Ever since my first safari and specifically my first encounter with a white rhino and her calf, I have become incredibly passionate about wildlife conservation. In this post I’ll specifically be discussing the conservation of rhinos and anti-poaching efforts. What is being done, what can you do and how are horses involved in anti-poaching?
Rhino populations are decreasing rapidly as they are often (one every 22 hours on average!) poached for their very valuable horns. Usually, the horns are used in Chinese traditional medicine, however, it has never been proven that rhino horn has any medicinal properties whatsoever. Many people sadly do still believe that it does, which keeps up the high demand for rhino horn.
Below you’ll find a graph from Save the Rhino, an organisation that’s making an incredible effort to decrease rhino poaching and help in their conservation. Rhino poaching massively spiked in 2013, and is now decreasing in the last years. This is definitely good news and gives us all hope. However, these numbers are still much too high for the rhino populations to survive long term, which is why it is still very important to make more of a massive conservation effort.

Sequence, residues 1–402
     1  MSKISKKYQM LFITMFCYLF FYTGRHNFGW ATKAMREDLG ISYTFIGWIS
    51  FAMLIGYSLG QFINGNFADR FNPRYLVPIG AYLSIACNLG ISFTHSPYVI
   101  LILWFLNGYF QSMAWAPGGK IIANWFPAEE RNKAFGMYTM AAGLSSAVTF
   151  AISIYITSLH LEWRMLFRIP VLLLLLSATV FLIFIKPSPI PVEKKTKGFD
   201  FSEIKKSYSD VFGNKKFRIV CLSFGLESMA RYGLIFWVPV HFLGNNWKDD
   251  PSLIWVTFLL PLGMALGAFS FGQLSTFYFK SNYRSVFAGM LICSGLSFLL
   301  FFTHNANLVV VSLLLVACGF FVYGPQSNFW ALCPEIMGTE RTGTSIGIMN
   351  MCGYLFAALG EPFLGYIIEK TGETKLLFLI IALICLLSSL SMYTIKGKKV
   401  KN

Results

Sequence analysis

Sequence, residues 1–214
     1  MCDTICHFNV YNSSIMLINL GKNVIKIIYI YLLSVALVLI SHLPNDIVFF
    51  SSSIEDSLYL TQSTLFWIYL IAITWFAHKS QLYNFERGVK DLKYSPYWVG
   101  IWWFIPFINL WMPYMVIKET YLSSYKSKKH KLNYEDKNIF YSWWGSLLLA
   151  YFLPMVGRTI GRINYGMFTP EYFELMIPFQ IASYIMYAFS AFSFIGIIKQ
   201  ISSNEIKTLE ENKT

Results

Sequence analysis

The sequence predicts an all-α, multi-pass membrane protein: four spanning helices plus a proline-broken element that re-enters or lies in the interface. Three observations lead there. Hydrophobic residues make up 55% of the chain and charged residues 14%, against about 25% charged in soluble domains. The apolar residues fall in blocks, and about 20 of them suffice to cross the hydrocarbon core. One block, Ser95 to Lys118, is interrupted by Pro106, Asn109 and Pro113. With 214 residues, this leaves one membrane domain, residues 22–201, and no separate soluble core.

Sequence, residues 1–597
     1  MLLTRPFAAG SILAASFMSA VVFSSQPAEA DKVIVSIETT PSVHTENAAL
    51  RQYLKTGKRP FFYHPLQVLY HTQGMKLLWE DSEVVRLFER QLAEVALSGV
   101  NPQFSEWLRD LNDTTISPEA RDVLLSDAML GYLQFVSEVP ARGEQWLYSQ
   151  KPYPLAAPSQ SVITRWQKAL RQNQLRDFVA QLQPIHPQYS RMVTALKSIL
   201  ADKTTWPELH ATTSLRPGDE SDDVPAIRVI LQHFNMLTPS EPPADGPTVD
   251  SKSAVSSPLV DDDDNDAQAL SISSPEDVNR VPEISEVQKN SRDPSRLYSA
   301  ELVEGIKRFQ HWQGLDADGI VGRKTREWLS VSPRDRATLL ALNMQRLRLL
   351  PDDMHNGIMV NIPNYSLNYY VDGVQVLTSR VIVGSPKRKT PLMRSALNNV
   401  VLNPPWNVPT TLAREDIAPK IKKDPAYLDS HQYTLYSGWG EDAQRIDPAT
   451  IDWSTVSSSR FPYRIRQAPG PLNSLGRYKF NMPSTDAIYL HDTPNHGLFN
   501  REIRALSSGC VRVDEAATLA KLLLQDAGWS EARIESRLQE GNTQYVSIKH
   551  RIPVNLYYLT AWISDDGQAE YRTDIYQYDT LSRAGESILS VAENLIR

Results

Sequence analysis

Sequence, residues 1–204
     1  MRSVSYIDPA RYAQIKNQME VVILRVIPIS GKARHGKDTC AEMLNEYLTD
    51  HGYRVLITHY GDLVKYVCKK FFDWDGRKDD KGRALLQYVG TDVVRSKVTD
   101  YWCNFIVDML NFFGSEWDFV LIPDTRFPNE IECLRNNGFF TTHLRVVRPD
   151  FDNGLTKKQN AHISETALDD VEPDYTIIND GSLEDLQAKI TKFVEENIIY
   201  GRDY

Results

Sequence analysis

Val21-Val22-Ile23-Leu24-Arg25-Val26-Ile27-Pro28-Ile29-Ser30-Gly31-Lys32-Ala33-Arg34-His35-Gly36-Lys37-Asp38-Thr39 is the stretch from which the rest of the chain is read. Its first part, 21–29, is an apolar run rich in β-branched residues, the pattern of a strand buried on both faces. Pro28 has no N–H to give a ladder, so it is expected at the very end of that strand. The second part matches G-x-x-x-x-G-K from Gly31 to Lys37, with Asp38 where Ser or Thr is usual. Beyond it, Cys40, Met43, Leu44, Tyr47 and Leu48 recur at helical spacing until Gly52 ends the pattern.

The northern white rhino is an extremely sad example of how rhino poaching can wipe out an entire sub species. With only two (females) left on the entire planet, the species has reached functional extinction. These last two females live at Ol Pejeta Conservancy. There are great efforts being made to preserve this subspecies. Last attempts are being made to reproduce this species with material that has been collected from the last male and females. If successful, the calf will be carried by a southern white rhino as they want to make sure the risk for the last two northern white rhinos is as low as possible. This type of innovation is making amazing contributions to wildlife conservation. If you are interested in seeing more of the last two northern white rhinos, please have a look at Ol Pejeta’s instagram account.
There are many projects and organisations focused on the conservation of rhino. I already gave you some information on the amazing things and innovation being done by Ol Pejeta Conservancy. Besides innovation, there are many other efforts being made to conserve these beautiful animals. Rhinos in protected areas are either constantly monitored, like the rhinos in the video below, or being protected by an anti-poaching unit. These efforts are very effective, but a lot of money, rangers and resources are needed to perform enough tracking and anti-poaching. This is where we can all help! At the end of this post I will tell you all about what you can do for rhino conservation.